VW continues to claim that the fix has no adverse effect on cars’ reliability, emissions or fuel economy, backed up by verification from the KBA.
Deregistrations will commence depending on when the owners were issued with the recall notice; this means that some owners’ cars could be deregistered next month.
According to a VW spokesman, the fix is not expected to reach a 100% rate, due to some affected cars having been written off or being untraceable by the government, but the rate is climbing.
With no mainstream car manufacturers, Austria’s top-seller can’t be from a domestic manufacturer. 6686 buyers have flocked to the Volkswagen Golf so far this year, while the next two are also VW group big-hitters; the Polo, at 5500, and the Skoda Octavia at 4750.
The same can be said for Belgium, but clearly being wedged between France and Germany has its effects: the Volkswagen Golf is the most popular car this year, followed by the Renault Clio and Hyundai Tucson. 8404, 7145 and 5915 have found owners respectively so far this year.
No two guesses which carmaker rules supreme here - the Skoda Octavia has sold 14,502 units and the second-best-seller was the Fabia, which has sold 11,141, in fact, half of the country’s top ten best-sellers are Skodas. The Rapid takes third, with 8212 sold.
Peugeot’s only top spot in Europe this year is in Denmark, where 5713 208s found homes so far, while the next best-seller is the Nissan Qashqai, of which 4834 were sold. Trailing in third place was the Volkswagen Golf; 3313 have found homes this year.
Estonia has a proclivity for larger cars, it would seem, as the Skoda Octavia takes pole position having sold 589 cars, while 529 and 443 units put theToyota RAV4 and Toyota Avensis in second and third place respectively.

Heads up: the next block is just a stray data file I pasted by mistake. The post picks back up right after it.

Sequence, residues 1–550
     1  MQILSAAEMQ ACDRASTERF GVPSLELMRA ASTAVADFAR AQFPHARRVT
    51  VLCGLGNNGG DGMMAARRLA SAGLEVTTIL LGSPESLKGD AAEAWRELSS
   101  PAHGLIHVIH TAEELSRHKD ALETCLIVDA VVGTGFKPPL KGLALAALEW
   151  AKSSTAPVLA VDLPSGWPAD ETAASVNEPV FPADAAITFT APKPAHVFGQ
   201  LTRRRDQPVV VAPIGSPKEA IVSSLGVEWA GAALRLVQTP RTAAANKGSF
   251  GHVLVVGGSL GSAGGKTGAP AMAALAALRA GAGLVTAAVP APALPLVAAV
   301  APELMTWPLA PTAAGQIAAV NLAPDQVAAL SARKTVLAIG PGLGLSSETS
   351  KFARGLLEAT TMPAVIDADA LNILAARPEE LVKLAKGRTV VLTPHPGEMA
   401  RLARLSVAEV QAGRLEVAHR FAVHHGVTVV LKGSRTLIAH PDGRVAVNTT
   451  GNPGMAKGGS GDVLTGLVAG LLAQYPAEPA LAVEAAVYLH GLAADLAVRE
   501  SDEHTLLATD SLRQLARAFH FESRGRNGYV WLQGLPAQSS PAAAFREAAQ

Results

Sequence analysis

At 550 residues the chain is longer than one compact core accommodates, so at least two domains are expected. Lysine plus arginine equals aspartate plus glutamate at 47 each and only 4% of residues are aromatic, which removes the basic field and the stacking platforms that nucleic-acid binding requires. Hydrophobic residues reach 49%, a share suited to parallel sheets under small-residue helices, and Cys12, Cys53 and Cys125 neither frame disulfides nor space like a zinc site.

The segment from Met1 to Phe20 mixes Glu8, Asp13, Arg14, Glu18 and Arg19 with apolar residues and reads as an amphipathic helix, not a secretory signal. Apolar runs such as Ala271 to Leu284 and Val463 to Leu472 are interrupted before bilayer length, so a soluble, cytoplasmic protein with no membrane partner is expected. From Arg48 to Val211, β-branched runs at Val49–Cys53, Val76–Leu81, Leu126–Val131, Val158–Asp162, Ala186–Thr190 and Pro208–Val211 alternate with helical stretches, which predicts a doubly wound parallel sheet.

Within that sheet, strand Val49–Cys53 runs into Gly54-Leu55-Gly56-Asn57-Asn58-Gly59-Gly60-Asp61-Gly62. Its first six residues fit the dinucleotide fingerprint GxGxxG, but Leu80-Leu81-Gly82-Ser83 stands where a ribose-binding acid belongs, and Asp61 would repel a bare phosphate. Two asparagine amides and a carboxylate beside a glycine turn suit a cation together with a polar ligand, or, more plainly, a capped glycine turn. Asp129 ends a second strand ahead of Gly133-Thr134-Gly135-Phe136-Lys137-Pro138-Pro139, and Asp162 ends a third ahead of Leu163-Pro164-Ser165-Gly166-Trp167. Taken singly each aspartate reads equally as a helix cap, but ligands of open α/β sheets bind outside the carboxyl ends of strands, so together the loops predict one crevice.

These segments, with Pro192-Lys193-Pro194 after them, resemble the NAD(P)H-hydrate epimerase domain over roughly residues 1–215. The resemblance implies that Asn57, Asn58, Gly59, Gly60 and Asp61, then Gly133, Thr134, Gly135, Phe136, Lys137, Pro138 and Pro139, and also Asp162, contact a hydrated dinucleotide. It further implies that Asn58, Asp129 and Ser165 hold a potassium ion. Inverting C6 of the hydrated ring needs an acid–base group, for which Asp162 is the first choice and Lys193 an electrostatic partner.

Skoda claims another victory in Finland with the Octavia – 3063 were sold there this year so far. Second place was taken by the Nissan Qashqai, although only slightly less – 2745 – were sold across the year. The Toyota Yaris took third place with 2361 sales.
Little surprise here; France’s top car across this year is the Renault Clio, and a whopping 70,009 take it right to the top. The Peugeot 208 takes second place, with 56,242 units being sold, while the other French supermini, the Citro?n C3, was overtaken last year from third by the Peugeot 3008, with 46,727 sold.
Volkswagen takes back its 1, 2, 3 in Germany, but there's change at third place - the Golf has sold 95,118 cars in the country. It sells so well that the second-place Passat sold less than half this number; 38,047, while the Ford Focus and Tiguan now fight the Volkswagen Polo for third. The Polo wins though, with 36,662, overtaking both.
The Toyota Yaris takes the top spot in Greece again, with 3357 cars sold, compared to the second-place Fiat Panda’s 2494 units sold. Third goes to the Peugeot 208; 2460 have Greek homes across 2018 so far.